Back in the 1970s, many low-income black D.C. residents began expressing fears that a nefarious scheme was afoot to push them out of the city. They called it “The Plan.” And they were all but laughed out of the city for sounding so paranoid.
But, as the saying goes, just because you’re paranoid doesn’t mean they aren’t out to get you.
Take the case of Ivy City residents, whose legal battles with the D.C. government offer evidence that The Plan is not some figment of poor folks’ imagination. And, in many ways, it’s even more dastardly than they thought.
In temporarily halting a District plan to put a bus depot in Ivy City, D.C. Superior Court Judge Judith N. Macaluso ruled Monday that Mayor Vincent C. Gray’s administration had “deliberately disregarded” laws requiring that residents be informed about how they would be affected by the move. Even worse, the judge found that developers had “evaded environmental screening by mischaracterizing the project” on city documents.
The only difference between this plan and The Plan as low-income people envisioned it is that instead of being pushed out by whites returning to take over the city, they were being pushed out by black elected officials operating as if in the employ of developers.
Union Station developers wanted a depot to keep buses that bring tourists to and from the station so merchants could sell fast food and souvenirs. Investors wanted to make a profit, city officials more tax dollars — for more bike lanes and dog parks, no doubt.
And if a bunch of low-income residents would have to breathe air filled with carcinogenic diesel exhaust to make it happen, so be it. Kill two birds with one stone.
You want to get rid of poor people? Raise their hopes by promising to renovate a historic African American landmark in their community, as Gray did to the people of Ivy City — but then turn around and break their hearts by trying to turn the site into a bus depot.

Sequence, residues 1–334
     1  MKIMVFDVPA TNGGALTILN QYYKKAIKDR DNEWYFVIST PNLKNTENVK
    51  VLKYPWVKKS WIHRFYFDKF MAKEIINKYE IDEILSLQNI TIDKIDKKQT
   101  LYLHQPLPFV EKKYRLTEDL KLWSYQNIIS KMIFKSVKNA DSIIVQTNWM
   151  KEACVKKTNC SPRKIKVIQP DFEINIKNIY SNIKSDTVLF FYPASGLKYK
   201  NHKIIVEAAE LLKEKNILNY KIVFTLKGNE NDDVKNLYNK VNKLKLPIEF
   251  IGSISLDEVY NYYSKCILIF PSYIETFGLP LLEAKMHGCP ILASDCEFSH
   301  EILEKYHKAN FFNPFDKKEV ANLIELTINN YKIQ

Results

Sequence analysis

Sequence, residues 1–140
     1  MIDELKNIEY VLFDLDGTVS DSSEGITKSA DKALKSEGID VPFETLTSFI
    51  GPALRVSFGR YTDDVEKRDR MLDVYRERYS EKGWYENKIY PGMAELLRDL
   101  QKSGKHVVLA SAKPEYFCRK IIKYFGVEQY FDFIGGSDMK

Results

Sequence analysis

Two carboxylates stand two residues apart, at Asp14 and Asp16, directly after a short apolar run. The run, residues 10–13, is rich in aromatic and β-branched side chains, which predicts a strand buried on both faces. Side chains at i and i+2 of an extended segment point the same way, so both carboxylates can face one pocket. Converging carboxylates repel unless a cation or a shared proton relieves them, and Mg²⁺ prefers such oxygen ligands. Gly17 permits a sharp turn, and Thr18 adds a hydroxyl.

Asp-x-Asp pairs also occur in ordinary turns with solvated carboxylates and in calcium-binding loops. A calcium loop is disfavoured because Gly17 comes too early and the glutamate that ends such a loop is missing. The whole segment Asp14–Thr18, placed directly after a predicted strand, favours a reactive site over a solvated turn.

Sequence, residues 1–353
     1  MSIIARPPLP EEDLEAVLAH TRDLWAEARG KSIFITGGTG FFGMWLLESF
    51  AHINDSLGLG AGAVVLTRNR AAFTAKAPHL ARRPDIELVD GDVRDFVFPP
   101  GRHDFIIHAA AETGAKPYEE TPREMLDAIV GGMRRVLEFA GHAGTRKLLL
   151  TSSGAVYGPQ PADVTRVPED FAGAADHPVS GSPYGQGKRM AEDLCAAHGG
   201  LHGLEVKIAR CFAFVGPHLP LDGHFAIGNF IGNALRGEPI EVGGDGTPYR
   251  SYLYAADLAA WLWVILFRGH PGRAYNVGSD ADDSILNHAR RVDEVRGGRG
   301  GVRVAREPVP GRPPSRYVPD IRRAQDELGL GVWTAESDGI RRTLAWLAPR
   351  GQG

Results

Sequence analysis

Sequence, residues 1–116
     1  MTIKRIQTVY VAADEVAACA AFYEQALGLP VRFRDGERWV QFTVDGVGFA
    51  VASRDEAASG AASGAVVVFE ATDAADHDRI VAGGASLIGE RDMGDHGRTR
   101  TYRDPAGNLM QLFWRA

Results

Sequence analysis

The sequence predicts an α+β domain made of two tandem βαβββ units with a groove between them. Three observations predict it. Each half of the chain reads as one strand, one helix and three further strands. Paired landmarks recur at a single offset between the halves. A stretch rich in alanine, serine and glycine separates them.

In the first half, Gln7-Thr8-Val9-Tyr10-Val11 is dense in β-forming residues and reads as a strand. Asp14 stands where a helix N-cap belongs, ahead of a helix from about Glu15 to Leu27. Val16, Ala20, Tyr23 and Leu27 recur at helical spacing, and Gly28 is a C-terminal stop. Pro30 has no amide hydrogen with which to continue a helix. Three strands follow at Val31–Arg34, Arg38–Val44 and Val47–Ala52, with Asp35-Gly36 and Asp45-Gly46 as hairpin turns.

Tell Ivy City residents that the former Alexander Crummell School, named for an abolitionist who devoted his life to the uplift of black people, will be turned into a community center worthy of its namesake.
Then let them find out that instead of bringing new life to the neighborhood, you’ll be hastening the death of its residents — some of whom are children and elderly who suffer from asthma and other respiratory illnesses.
According to the city’s own comprehensive “master plan,” Ivy City will be made “green” and have lots of amenities in the near future. The question has always been who will be there to enjoy it? If gentrification in other parts of the city is any guide, the answer will more likely be newcomers with money rather than the poor folks who live there now.
Except that Ivy City, along New York Avenue about a dozen blocks east of North Capitol Street, is not like most other low-income neighborhoods. With their health and safety, actually their very lives, being threatened by the proposed bus depot, the residents fought back. They organized with help from a grass-roots group called Empower DC, held protest rallies and confronted city officials at public events.
The fight was led by Andria Swanson, president of the Ivy City Neighborhood Association, along with Ivy City residents Sheba Alexander, Jeanette Carter and Vaughn Bennett, and Empower DC co-founder Parisa Norouzi, among others. D.C. lawyer Johnny Barnes represented them in court.
After Macaluso’s ruling, Ivy City residents gathered for a celebration at the community’s Bethesda Baptist Church, where strategy meetings were often held.
Among the happiest residents were the youngsters who live in Ivy City, still clinging to hope that the Crummell School grounds will one day have a recreation center and other community programs.
“We like football, but there is no place to play except in the streets,” said De’Mar Williams, 15.
Demarco Jones, 12, said: “Most of the money is being spent on bike lanes when we could use it over here for job training.”
The ruling by Macaluso had been a significant win for Ivy City, but it was also confirmation of just how low the powers-that-be would go to keep them down. And out.
“The public interest lies in compliance with the District’s environmental laws and regulations so that District residents are protected from avoidable harm,” the judge wrote. “Similarly, the public’s interest lies in making sure the applicants who evade environmental screening procedures by filing incorrect information — and failing to correct it — are not rewarded for this misconduct.”
City officials and developers were, in fact, deceiving, misleading and colluding in schemes where money mattered more than people. As it turns out, the poor folks’ talk of The Plan wasn’t so far-fetched after all.
For previous columns by Courtland Milloy, go to washingtonpost.com/